Career Connector

To Whom it May Concern

Imagine you’re a senior person at a company and you’re looking for the right person to work for you. You’ve been looking at resumes all day long, and you’re tired and looking for some inspiration. You open yet another email, hoping for “the one”, and it’s addressed to: To Whom it May Concern.

As someone who’s done a lot of hiring and advises a lot of Gen Y’s on how to get hired, I would never hire someone who sent me a note addressed, essentially, to nobody. It is a sign of laziness when someone who’s applying for a job doesn’t take a few minutes to identify the name of the prospective employer.

This just came up because I’m helping a friend who’s a CEO of a non-profit identify good candidates for a marketing manager job. Without mentioning her name, I put notices up on my various social networks, indicating that she heads the company and its name.

One of the responses I received was addressed to “To Whom it May Concern”.

And by the way, “Dear Sir/Madam” won’t cut it either.

There are many ways to get a name, and they may involve some cunning and chutzpah, but probably not a lot. My suggestion is this: Leave no stone unturned, it is worth your time to get that name. Because otherwise, your perfectly good resume will get filed under “G”, and you will never know why.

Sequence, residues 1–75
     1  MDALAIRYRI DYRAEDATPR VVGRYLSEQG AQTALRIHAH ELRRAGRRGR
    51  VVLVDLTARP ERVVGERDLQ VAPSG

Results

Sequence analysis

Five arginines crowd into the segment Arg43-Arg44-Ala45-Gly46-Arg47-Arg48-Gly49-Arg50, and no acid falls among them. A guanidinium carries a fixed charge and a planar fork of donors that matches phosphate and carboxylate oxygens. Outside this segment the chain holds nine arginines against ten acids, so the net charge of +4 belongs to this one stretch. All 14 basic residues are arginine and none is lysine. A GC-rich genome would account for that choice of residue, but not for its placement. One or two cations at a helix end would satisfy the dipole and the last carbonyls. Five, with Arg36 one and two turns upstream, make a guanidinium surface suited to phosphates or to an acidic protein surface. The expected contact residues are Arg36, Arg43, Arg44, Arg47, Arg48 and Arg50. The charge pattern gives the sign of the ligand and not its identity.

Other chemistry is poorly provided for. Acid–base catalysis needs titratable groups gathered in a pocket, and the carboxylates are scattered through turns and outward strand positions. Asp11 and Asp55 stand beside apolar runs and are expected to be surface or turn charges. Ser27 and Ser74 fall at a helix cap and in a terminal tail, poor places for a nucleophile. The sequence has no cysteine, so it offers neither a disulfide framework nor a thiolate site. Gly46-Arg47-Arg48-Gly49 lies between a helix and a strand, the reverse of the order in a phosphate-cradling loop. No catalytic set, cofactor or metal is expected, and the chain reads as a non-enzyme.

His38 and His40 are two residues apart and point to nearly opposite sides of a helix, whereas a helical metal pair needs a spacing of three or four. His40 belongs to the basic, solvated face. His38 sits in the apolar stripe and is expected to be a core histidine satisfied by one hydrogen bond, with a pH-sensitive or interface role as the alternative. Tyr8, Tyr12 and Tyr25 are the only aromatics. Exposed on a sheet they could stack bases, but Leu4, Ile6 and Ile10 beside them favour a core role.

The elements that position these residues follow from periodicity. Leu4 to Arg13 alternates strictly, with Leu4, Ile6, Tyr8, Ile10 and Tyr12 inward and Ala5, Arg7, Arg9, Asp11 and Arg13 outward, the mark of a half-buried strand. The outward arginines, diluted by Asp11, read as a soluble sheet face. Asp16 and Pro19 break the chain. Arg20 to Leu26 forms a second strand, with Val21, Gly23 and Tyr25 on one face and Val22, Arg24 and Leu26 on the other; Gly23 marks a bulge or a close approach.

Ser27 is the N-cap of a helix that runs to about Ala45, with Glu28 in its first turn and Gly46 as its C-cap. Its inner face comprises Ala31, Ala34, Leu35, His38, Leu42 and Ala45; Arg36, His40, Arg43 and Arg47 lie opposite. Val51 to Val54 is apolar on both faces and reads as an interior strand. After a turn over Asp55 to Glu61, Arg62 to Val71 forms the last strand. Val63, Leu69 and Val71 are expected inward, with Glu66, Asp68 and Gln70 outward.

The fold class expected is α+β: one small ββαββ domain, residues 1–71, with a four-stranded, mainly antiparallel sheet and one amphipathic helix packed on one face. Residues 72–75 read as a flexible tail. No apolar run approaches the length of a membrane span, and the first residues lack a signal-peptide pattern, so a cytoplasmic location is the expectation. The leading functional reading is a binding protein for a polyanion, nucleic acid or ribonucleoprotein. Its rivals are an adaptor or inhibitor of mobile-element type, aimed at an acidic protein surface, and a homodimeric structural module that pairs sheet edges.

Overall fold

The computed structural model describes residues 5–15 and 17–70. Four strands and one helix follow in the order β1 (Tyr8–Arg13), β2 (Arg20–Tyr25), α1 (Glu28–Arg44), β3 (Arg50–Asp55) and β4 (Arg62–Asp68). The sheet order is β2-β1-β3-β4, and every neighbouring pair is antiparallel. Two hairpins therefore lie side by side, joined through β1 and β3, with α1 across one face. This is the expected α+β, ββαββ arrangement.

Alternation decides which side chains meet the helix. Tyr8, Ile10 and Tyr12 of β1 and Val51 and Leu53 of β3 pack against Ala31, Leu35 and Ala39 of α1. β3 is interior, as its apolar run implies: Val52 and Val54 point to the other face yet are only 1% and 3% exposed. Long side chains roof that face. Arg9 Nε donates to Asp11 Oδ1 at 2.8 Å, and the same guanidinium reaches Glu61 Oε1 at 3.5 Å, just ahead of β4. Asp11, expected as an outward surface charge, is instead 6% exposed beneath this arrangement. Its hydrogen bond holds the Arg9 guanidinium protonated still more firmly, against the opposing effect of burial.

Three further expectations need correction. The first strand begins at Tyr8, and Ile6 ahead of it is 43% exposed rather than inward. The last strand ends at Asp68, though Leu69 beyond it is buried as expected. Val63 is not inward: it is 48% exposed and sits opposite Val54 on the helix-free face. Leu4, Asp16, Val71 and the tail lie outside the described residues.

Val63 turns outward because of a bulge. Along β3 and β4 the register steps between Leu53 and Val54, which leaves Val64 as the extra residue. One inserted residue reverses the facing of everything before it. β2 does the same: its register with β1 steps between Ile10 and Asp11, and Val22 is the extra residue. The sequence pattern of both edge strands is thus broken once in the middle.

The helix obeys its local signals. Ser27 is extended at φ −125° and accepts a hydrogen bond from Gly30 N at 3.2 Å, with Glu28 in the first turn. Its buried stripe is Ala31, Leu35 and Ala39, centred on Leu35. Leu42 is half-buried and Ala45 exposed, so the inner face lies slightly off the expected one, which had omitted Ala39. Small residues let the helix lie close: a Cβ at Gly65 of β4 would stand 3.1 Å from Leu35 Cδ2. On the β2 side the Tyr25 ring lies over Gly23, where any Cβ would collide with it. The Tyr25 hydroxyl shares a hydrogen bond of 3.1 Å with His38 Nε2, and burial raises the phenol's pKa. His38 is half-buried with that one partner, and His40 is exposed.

This entry was posted in For Advisors to Individuals & Families, For Mid-Career Professionals, For Millennials, For Parents and tagged , , , , . Bookmark the permalink.

4 Responses to To Whom it May Concern

  1. Glad you wrote this. I think a ton of people (myself included) would probably write, “to whom it may concern” if they were not given the company or the individual’s name.

  2. Allison says:

    First of all, I know you and you would never do that. Maybe your very young self, but not you now at age 30. The thing is, it doesn’t take that much sleuthing to get a name, so it looks lazy if you don’t do it!

  3. Jake P says:

    Sage advice. The same principles apply for freelancers who apply to “blind” ads in online circumstances. Usually, with a little sleuthing, you can figure out more information than is immediately evident.

  4. Pingback: Writing the Dreaded Cover Letter: It’s Not About You | The Savvy Intern by YouTern

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